When Croydon Council was under Conservative control, Westfield and Hammerson announced a landmark deal to invest £1.5 billion to redevelop the Whitgift Centre. The deal would have brought investment, created 5000 jobs and several hundred new homes. The scheme had planning permission and was due to open in 2018.
Sadly, when Labour took control of the Council in 2014 the first thing they did was to seek amendments to the scheme which resulted in delays to its commencement.
From that initial delay the scheme has been caught up in Brexit, economic uncertainty and changes in shopping habits.
If the scheme had commenced in 2014 and completed in 2018, as planned, it would no doubt be a thriving success now, just like Westfield London and Westfield Stratford City.
Rather than proactively promote the Croydon scheme, Croydon’s Labour Council, having caused the initial delay, has more often than not remained silent on the issue.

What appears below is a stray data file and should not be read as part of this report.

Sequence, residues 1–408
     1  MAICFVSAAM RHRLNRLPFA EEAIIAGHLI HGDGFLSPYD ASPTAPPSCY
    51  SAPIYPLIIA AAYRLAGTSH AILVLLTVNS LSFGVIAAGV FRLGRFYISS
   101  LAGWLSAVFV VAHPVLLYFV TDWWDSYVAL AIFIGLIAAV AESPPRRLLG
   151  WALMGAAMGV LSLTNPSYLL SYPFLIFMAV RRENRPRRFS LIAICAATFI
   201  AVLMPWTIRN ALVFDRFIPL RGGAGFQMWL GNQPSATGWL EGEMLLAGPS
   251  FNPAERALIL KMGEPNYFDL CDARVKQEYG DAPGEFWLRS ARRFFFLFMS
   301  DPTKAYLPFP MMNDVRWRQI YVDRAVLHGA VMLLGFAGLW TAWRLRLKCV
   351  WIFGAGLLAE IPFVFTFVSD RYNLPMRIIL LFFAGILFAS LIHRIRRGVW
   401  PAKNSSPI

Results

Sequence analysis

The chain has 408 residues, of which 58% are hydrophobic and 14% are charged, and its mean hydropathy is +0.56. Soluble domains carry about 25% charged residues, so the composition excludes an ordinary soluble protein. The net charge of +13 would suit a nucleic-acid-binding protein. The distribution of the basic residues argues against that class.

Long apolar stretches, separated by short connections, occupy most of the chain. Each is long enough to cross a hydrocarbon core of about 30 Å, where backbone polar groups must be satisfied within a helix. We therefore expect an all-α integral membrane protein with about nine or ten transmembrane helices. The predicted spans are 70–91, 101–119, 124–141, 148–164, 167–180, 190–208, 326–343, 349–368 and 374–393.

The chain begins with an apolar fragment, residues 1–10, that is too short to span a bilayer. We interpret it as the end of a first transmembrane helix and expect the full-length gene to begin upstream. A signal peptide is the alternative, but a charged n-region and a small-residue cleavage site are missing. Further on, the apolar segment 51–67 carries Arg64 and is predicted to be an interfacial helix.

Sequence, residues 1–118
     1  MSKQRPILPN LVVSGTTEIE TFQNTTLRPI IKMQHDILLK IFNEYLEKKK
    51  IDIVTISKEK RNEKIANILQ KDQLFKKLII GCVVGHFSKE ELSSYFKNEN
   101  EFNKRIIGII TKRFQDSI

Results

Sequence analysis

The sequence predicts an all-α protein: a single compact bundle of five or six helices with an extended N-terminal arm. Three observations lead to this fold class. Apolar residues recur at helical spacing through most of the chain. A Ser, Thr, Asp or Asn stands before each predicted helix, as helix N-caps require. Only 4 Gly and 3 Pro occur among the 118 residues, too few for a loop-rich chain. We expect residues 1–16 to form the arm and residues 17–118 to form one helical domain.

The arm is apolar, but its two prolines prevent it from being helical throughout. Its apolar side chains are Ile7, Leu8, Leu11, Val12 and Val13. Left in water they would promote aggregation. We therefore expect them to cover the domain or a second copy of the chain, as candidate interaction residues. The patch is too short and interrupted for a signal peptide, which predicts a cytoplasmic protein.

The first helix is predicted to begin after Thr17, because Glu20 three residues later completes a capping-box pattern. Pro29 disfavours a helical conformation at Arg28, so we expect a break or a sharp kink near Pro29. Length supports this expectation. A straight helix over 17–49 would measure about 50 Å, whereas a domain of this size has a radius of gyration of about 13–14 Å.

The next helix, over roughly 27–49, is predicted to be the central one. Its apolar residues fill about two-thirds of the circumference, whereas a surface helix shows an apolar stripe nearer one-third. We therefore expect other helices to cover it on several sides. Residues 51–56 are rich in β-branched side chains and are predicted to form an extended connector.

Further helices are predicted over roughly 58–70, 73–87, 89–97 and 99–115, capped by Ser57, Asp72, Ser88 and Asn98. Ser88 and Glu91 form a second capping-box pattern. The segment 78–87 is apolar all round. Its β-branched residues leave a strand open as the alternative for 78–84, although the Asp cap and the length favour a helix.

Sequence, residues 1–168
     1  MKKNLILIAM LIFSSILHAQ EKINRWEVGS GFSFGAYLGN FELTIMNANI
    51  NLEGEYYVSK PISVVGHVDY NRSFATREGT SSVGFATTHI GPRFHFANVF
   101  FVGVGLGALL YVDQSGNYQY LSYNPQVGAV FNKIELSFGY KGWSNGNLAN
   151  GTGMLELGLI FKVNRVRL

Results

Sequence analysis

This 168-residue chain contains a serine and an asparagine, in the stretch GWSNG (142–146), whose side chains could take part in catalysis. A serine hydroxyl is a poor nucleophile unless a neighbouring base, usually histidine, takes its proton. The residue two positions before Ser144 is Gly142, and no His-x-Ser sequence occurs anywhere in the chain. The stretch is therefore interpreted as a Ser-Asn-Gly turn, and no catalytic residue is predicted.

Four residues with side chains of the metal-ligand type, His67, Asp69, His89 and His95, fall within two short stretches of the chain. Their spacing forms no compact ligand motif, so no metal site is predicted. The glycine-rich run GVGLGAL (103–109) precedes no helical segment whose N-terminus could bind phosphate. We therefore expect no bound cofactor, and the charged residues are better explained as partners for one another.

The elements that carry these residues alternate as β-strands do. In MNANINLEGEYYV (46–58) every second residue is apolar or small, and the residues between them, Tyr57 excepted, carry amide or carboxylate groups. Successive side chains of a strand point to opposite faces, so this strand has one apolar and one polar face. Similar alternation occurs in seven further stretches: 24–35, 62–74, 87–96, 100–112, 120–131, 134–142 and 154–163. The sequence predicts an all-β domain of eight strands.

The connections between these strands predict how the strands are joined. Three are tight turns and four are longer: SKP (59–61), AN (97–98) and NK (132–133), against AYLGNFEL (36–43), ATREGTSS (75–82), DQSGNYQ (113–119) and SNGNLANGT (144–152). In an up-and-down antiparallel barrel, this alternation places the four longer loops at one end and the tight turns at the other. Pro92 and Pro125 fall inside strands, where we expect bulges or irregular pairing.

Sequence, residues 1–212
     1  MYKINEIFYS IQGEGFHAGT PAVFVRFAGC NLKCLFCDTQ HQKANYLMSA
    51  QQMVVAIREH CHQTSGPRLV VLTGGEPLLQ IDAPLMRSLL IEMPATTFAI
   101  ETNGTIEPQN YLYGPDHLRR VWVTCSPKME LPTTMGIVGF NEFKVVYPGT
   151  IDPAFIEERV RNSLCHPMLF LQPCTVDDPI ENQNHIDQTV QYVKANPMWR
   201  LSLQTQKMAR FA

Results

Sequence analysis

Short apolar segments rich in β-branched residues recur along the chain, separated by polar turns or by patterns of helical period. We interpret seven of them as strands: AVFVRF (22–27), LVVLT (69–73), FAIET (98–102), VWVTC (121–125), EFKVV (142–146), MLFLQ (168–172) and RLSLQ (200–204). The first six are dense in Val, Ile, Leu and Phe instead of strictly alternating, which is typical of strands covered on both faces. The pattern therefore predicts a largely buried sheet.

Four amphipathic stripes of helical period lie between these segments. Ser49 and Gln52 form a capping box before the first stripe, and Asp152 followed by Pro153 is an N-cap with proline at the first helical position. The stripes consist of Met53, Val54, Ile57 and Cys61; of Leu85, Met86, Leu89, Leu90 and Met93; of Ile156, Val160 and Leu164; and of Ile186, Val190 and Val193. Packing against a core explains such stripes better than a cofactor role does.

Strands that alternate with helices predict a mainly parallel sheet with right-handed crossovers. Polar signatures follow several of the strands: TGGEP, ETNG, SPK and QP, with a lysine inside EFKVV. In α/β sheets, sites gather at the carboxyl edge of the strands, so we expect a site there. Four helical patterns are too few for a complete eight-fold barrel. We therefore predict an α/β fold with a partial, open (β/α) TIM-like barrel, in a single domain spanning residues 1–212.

Indeed, the Westfield proposals failed to make it onto the Council agenda for over a year. You would imagine that a scheme worth over £1.5 billion would be worthy of regular discussion?
We are, therefore, very concerned to hear the news that the scheme has now been pulled from the Unibail Rodamco Westfield project pipeline.
Conservative Councillor Jason Perry, shadow cabinet member for planning and regeneration (and the cabinet member when the original scheme was given planning permission) says “Croydon Conservatives have always supported the scheme and very much want to see it happen. We are seeking urgent reassurances from Westfield. If this scheme does fail then Croydon Labour are very much culpable.”
Conservative Group Leader, Cllr Tim Pollard, says “Labour will have failed to deliver a scheme that is vital for the future prosperity of our town. They will have squandered future jobs and homes for thousands of Croydon’s residents. And in their six years in control the town centre has dwindled to a pale shadow of its former self. It needs urgent revitalisation if it is ever again to be considered to be a major retail centre.”